A further variation on this first category of closure mechanism is as follows. The fabric is laminated or impregnated with a composition to produce a composite sheet, preferably over its entire surface, and edge portions of the resulting sheet are folded over to provide closure members of increased thickness which can be held together by means for example of a closure channel. The composition used for this purpose may be any of those mentioned above for preventing edge portions of the fabric from unravelling in order that closure members may be bonded to the fabric or in order that projections may be forced through the fabric. The treatment of the fabric may therefore be identical in these two cases, and it is the techniques by which generally similarly shaped closure members are made that differ.
The edge portions of the composite sheet may simply be folded over and optionally bonded to form the thickened closure elements. The thickened closure elements may be pre-formed in the factory, or formed on site if need be as part of the installation of the fabric around a suitable substrate. The closure elements may be held together by a third member such as a C-shaped channel which can enclose the two closure elements side-by-side. The two edge regions may be formed such that they interengage, and may optionally be held in interengagement by a further member.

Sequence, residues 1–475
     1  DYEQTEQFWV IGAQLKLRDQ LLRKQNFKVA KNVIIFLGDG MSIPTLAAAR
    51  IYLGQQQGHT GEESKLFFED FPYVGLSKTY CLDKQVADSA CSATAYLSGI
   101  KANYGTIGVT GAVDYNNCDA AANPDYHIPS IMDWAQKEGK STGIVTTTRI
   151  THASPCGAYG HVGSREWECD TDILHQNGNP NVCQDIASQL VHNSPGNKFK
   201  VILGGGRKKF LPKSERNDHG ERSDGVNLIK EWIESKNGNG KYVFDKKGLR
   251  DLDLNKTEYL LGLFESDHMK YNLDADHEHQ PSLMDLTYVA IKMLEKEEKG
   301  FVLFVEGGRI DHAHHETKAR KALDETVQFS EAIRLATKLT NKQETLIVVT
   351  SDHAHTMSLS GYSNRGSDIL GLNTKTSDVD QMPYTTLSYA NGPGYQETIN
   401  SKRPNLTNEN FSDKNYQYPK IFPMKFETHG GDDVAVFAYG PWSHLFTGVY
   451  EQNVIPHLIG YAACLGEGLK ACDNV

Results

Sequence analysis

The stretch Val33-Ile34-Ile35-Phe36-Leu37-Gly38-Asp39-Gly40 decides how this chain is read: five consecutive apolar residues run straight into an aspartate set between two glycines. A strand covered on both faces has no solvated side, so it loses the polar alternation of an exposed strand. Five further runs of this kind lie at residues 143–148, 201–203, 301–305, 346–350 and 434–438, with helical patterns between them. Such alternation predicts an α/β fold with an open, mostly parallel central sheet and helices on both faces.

The second category can be considered as including those fabrics in which at least the recoverable fibre is effectively continuous, and does not appear to be a series of independant picks or ends. The most important instances are woven fabrics with recoverable weft made on a shuttle or rapier loom. (A shuttle loom produces a continuous weft in a boustrophedon pattern and a rapier loom can produce a similar effect from independant weft fibres by turning their ends back into the fabric.) This sort of fabric thus has inherent in its structure the means for attaching the closure member.